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Technical Report 5: Developing the TAMAM’s Monitoring and Evaluation: An Experience of Evolving Design Planning – By Rima Karami Akkary, Rasha El Saheli ElHage, Diana Sarrieddine, & Rola Katerji– 2013

TAMAM is a research and development project that adopts an evolving design approach in designing processes for school-based improvement that are grounded in the organizational and social culture of the schools.
TAMAM’s monitoring and evaluation model establishes a process that provides useful information on an ongoing basis to improve the project’s activities and how they are implemented.
As such, it puts into action the concept of the “evolving design planning” adopted by TAMAM, where evidence is collected as a basis for reflective practice and improved decisions. 

The purpose of this report is to illustrate the journey of the TAMAM Project Steering Team (PST) in developing the project’s monitoring and evaluation model at the conclusion of the first Phase of its implementation.
It describes the various processes that led to the development of the current TAMAM monitoring and evaluation approaches from being reactive, practicing intuitive heavy data collection, to being proactive, following purposeful, efficient and effective data collection procedures. 

The report will highlight how TAMAM’s monitoring and evaluation interventions were gradually conceptualized based on the lessons learned from Phase I and how their implementation in the schools’ settings helped test their usefulness and validity, and accordingly modify and improve their procedures.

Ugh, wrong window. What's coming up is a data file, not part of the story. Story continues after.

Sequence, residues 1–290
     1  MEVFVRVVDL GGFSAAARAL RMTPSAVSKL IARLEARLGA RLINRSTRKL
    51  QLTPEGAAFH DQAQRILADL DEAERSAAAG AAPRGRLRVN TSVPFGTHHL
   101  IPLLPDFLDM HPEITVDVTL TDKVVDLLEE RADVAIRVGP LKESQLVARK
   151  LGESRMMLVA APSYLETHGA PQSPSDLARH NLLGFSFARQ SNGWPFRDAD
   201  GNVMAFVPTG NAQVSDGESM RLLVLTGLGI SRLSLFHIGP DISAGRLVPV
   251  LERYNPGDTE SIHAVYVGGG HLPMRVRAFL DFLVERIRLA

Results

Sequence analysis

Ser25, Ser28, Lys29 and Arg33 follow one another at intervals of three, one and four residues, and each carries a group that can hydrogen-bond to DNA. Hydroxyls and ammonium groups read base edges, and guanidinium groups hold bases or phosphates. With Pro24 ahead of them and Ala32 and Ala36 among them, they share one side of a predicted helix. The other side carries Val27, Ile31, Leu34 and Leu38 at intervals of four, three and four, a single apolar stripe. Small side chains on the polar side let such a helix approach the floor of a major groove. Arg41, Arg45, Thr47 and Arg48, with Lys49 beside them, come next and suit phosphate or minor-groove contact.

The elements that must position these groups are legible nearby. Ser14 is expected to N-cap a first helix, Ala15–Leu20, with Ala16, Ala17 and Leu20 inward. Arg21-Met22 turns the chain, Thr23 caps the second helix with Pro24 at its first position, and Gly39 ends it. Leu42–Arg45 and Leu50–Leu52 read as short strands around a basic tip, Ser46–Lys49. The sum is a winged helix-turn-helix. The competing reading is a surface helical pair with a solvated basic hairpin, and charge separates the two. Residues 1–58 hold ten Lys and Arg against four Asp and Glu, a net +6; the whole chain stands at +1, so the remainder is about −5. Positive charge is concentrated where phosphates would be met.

The ongoing participation of the TAMAM school teams and the constant efforts of the PST to include all stakeholders in decision making to develop the suggested monitoring and evaluation model kept TAMAM true to its claim of participatory evaluation and evolving design planning. 

In the midst of the absence of an evaluation culture and the scarcity of “participant oriented evaluation” approaches in the Arab world, TAMAM’s adoption of participatory evaluation grants the project the characteristic of being a pioneer in following such methodology and approach. 

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Technical Report 4: Building Leadership Capacity for School-Based Reform : TAMAM professional development journey in Phase I – By Rima Karami Akkary, Mary Saad, & Rola Katerji with Sara Halwani -2012 

This report describes the process followed by the Project Steering Team [PST] of the TAMAM project while designing and implementing its professional development activities. 

It highlights the “evolving design plan” approach the PST has used while planning and implementing PD activities. PST actions – and decisions on their sequence – have been based on evidence generated through monitoring training progress, and identifying the challenges faced during the training implementation. 

The report narrates the evolution of the PD activities from being narrowly conceived initially around engaging teams in action research as the main foci of capacity building, to a broader conception of having the teams embark on a school-based improvement journey, where action research is a tool used among many to effectively implement and sustain this improvement. The report includes a description of the Competencies, and why and when they have been introduced throughout the PD process. 

Also, it describes the PD approach used which is rooted in experiential learning, mentoring, and encouraging reflective practice. The report concludes by presenting an “emerging model” of PD grounded in lived experiences and mindful of the unique cultural characteristics of its context.
The model consists of a set of 11 Pillars and a proposed improvement journey along which the PD activities are organized.
The Pillars constitute the foundational principles guiding both the processes and the learning experiences along the journey which are: 

  1. Experiential learning.
  2. Mentoring approach.
  3. Decisions and actions driven by needs.
  4. Systematic documented practice.
  5. Collaborative inquiry.
  6. Professional collaboration.
  7. Reflective dialogue and practice.
  8. De-privatization of practice.
  9. Leadership for change.